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‘I didn’t know’, two Public Protector candidates tell MPs on controversies at SSA, NPA and elsewhere

‘I didn’t know’, two Public Protector candidates tell MPs on controversies at SSA, NPA and elsewhere
Public Protector candidates, from left: Pension Funds Adjudicator Muvhango Lukhaimane; Advocate Johanna Ledwaba; Professor Boitumelo Mmusinyane; Advocate Kholeka Gcaleka. (Photos: RSA Parliament)

Would-be Public Protector Muvhango Lukhaimane said that, as State Security human resources manager, she hadn’t known about ghost worker spooks. And Deputy Public Protector Kholeka Gcaleka told MPs that, as adviser to former finance minister Malusi Gigaba, she hadn’t known of his links to the Gupta brothers.

Eyebrows shot up at current Pension Funds Adjudicator Muvhango Lukhaimane’s response to a question on her good governance track record at the State Security Agency (SSA), given publicly identified corruption such as the unlawful parallel intelligence programme Principal Agent Network (PAN).

“I will say, given the controls that we put in place, one of the outcomes was that people resorted to PAN,” Lukhaimane told DA MP Werner Horn, adding later, “PAN was not overt, but covert. Once it goes and gets run as a covert operation, resources are allocated and you almost have a structure that is a duplicate”.

Responding to Horn’s questions about “ghost spooks”, she said she wasn’t involved in the so-called covert side, but only the human resources side with the SSA’s 230 or so employees.

On that overt side, Lukhaimane said, “We put together an integrated system. HR was integrated with finance and document management. We accounted for people, resources and operation reports”.

Lukhaimane worked at SSA from May 2007 to mid-2011 as general manager of research and then human resources, according to her CV, which also lists State Security HQ Musanda as a workplace.

From June 2011 until she was appointed Pension Funds Adjudicator a year later, Lukhaimane chaired the Intelligence Services Council, the statutory body for recommendations on spooks’ conditions of service, HR policies and salary packages.

Suspended Public Protector Busisiwe Mkhwebane, now facing an impeachment vote in the National Assembly after a year-long inquiry, worked as an SSA analyst, it emerged from her CV for the 2016 interviews.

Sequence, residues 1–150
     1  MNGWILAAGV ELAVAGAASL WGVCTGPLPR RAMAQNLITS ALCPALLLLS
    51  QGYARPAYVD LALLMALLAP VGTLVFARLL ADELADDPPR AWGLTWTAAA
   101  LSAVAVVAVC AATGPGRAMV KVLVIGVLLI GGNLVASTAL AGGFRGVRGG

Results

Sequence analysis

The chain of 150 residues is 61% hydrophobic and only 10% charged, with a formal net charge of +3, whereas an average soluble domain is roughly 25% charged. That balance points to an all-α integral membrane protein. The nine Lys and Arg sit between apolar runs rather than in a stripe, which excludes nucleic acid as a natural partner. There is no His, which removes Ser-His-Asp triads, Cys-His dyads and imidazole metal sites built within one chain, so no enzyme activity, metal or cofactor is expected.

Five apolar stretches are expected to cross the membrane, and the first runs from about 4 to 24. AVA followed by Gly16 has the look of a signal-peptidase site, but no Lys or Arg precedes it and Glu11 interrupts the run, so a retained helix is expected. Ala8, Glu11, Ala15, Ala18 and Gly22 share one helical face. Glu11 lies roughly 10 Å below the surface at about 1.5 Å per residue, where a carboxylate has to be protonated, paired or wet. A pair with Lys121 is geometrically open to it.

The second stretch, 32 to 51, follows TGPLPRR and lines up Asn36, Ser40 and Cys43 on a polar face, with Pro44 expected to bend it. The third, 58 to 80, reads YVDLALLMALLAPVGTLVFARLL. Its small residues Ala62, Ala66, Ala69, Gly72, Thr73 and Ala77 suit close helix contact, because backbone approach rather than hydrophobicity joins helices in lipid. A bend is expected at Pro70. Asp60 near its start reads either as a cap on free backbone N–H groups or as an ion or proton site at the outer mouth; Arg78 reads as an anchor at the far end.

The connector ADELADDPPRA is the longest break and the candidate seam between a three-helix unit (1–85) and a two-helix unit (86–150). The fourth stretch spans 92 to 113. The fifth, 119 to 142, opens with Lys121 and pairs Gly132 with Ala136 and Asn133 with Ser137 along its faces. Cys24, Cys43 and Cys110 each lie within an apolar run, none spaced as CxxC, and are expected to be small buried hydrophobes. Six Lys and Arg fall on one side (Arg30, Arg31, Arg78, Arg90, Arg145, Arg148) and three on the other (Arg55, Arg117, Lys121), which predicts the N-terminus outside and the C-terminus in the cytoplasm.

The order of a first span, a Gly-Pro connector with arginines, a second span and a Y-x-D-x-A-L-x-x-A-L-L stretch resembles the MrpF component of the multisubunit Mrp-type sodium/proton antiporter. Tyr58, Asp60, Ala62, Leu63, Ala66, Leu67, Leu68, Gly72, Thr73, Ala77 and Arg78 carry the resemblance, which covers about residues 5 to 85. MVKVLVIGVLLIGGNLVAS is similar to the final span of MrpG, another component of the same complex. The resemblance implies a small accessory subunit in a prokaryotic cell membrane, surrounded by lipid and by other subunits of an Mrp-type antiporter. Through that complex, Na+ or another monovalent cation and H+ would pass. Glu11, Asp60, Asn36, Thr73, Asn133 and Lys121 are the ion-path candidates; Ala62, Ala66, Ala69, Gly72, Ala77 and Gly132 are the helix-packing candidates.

On Thursday, Lukhaimane told MPs that intelligence services should not be outside the Public Protector’s scope.

Current acting Public Protector Kholeka Gcaleka’s prior work also came up. She said she’d not been aware that her one-time boss, ex-prosecutions head Menzi Simelane, had planned to, for example, disband specialist units, lawmakers heard.

“I was supportive of the transformation agenda he stood for,” Gcaleka responded to DA MP Glynnis Breytenbach’s question. 

“I had no idea of his other agenda… My engagements were in office meetings… I was not part of any decision advocate Simelane embarked on. We were not consulted as Society of State Advocates (which she chaired)…”

In October 2012, the Constitutional Court upheld a 2011 Supreme Court of Appeal ruling that Simelane was not a fit and proper person, and set aside his December 2009 appointment by then-president Jacob Zuma as national director of public prosecutions.

Day 2 of the interviews for the next Public Protector was scrappy. 

North-West University law professor Boitumelo Mmusinyane finished in around an hour.

“I cannot be bought. I cannot be threatened…” he told MPs, while, in the session with magistrate Johannah Ledwaba, parliamentarians seemed to chatter and sigh as the hearing-impaired presiding officer took a long way around to answer questions.

Day 1 had also been bitty.

Read more in Daily Maverick: Day one of Public Protector interviews proved an all-sorts of voting, legality and dealing with corruption

Cases of nerves and questions on voting, independence, strategic priorities and low staff morale were threads during both days. As was new legislation for the Office of the Public Protector.